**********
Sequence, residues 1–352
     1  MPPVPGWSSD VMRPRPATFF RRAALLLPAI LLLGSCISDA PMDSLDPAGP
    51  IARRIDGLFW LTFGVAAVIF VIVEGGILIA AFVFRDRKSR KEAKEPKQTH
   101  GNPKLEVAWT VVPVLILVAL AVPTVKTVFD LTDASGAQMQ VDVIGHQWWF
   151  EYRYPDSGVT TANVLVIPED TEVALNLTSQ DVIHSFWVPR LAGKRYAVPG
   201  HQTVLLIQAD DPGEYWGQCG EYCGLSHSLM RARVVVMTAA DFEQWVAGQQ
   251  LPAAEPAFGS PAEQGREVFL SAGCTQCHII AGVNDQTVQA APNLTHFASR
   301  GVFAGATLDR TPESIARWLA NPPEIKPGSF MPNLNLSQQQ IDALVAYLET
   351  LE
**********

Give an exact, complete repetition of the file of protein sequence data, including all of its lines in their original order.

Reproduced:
Sequence, residues 1–352
     1  MPPVPGWSSD VMRPRPATFF RRAALLLPAI LLLGSCISDA PMDSLDPAGP
    51  IARRIDGLFW LTFGVAAVIF VIVEGGILIA AFVFRDRKSR KEAKEPKQTH
   101  GNPKLEVAWT VVPVLILVAL AVPTVKTVFD LTDASGAQMQ VDVIGHQWWF
   151  EYRYPDSGVT TANVLVIPED TEVALNLTSQ DVIHSFWVPR LAGKRYAVPG
   201  HQTVLLIQAD DPGEYWGQCG EYCGLSHSLM RARVVVMTAA DFEQWVAGQQ
   251  LPAAEPAFGS PAEQGREVFL SAGCTQCHII AGVNDQTVQA APNLTHFASR
   301  GVFAGATLDR TPESIARWLA NPPEIKPGSF MPNLNLSQQQ IDALVAYLET
   351  LE